True, but applying a Doylist analysis only means surprises will happen more often than would normally be expected, not that the surprising version is more common than the usual one. A surprise is effective precisely because it's not the norm. And I don't think GRRM has much invested in surprising us all with the revelation that the Demon of Darry joined the KG despite already being a lord.

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Which would fit fine if he turned out to be effectively a KG to his king during the war, or had joined the KG while the pretender had effectively dispossessed Damon.

If Damon is being dispossesed and the king himself doesn't favor that dispossession, wouldn't he have an incentive NOT to name Damon to the KG so as to continue promoting his political claim?

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Jaime Lannister joined the KG because he wanted to, not because he was named a KG against his will. That doesn't happen in the books. It cannot happen, actually.

And if it could happen it would be more likely to see former lords among the KG compared to a scenario where they could object, as we'd expect most lords to do.

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Lancel Lannister is another Lord of Darry, actually, who joined a religious order and gave up his lordship.

He was made lord via marriage, and he has refused to consummate that marriage.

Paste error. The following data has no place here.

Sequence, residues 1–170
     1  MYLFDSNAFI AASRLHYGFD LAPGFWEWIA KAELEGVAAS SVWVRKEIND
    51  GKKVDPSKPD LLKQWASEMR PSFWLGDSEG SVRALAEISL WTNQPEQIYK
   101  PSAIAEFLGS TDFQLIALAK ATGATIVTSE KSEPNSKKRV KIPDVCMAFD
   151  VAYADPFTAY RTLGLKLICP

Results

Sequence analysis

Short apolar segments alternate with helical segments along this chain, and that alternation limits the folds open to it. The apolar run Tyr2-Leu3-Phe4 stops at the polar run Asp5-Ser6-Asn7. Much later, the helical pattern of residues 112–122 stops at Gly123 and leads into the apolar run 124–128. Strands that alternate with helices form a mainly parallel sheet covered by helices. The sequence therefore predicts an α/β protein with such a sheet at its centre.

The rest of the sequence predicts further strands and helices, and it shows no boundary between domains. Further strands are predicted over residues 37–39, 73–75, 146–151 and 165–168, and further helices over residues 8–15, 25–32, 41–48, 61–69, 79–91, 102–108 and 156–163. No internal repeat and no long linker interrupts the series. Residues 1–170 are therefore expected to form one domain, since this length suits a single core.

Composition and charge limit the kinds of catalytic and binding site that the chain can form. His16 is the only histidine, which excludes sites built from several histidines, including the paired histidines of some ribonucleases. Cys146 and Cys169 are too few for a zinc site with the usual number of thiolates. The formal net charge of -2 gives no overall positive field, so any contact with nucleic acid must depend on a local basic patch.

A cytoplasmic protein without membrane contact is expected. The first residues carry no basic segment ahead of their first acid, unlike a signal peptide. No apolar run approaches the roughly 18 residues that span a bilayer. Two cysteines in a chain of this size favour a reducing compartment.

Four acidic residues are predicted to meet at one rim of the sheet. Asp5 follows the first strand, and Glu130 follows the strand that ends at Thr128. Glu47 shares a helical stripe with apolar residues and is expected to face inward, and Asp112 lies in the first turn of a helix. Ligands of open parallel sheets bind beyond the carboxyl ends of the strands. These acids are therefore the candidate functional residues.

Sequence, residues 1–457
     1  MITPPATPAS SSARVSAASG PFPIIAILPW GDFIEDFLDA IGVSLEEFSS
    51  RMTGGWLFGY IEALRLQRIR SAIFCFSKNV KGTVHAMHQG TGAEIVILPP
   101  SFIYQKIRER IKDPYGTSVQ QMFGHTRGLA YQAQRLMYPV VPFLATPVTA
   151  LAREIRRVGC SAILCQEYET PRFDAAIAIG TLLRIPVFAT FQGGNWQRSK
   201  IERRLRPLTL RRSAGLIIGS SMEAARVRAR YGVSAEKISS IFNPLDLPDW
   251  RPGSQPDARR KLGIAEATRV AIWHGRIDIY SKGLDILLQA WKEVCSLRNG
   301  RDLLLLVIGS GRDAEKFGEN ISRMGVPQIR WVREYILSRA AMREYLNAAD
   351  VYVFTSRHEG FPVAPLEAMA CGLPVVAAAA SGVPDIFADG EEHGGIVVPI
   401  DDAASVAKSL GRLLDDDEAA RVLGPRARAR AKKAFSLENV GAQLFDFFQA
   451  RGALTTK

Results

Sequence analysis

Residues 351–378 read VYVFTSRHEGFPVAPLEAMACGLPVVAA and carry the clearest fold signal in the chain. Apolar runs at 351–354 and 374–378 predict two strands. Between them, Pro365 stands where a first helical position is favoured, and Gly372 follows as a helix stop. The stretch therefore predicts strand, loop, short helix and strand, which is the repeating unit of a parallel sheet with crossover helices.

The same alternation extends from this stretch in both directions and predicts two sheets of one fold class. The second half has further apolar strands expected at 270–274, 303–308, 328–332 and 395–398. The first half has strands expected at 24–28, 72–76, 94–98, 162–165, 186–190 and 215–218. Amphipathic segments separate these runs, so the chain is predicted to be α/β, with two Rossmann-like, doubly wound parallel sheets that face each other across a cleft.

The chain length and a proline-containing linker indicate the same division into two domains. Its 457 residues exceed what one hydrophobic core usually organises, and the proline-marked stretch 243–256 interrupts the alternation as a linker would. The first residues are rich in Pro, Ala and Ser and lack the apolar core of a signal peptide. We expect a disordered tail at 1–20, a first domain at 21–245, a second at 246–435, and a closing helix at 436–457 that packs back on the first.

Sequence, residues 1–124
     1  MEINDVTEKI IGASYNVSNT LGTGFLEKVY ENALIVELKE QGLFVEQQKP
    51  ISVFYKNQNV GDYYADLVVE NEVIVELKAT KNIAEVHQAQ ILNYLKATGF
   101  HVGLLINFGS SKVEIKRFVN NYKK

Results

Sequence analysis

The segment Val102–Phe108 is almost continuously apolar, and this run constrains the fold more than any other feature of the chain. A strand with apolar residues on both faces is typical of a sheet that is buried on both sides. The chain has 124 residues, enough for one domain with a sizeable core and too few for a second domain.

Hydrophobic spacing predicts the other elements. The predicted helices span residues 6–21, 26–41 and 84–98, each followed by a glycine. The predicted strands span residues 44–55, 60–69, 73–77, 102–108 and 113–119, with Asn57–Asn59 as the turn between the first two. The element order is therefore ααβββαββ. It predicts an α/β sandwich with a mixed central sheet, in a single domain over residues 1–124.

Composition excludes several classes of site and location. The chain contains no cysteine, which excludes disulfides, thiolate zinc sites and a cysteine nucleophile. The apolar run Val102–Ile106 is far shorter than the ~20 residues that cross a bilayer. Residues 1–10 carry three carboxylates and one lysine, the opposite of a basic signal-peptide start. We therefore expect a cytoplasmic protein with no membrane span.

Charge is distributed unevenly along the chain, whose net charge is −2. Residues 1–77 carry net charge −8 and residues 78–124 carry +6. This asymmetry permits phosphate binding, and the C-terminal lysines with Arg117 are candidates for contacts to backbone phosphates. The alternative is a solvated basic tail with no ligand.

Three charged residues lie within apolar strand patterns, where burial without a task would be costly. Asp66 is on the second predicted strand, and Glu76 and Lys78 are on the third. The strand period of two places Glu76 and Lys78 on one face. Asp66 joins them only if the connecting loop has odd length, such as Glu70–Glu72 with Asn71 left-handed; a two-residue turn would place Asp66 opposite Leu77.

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1 hour ago, FictionIsntReal said:

True, but applying a Doylist analysis only means surprises will happen more often than would normally be expected, not that the surprising version is more common than the usual one. A surprise is effective precisely because it's not the norm. And I don't think GRRM has much invested in surprising us all with the revelation that the Demon of Darry joined the KG despite already being a lord.

If Damon is being dispossesed and the king himself doesn't favor that dispossession, wouldn't he have an incentive NOT to name Damon to the KG so as to continue promoting his political claim?

And if it could happen it would be more likely to see former lords among the KG compared to a scenario where they could object, as we'd expect most lords to do.

I don't give a damn, to be honest. I don't even believe Damon Darry is the Lord of Darry. I just can see him being the Demon of Darry, regardless whether he was Lord Darry or merely Ser Damon before he joined the KG. Don't make this more complicated than it is.

1 hour ago, FictionIsntReal said:

He was made lord via marriage, and he has refused to consummate that marriage.

And this is wrong again. Lancel Lannister was made Lord of Darry by royal decree. His marriage was supposed to help make this power grab appear more legitimate but Amerei Frey wasn't granted the lordship of Darry.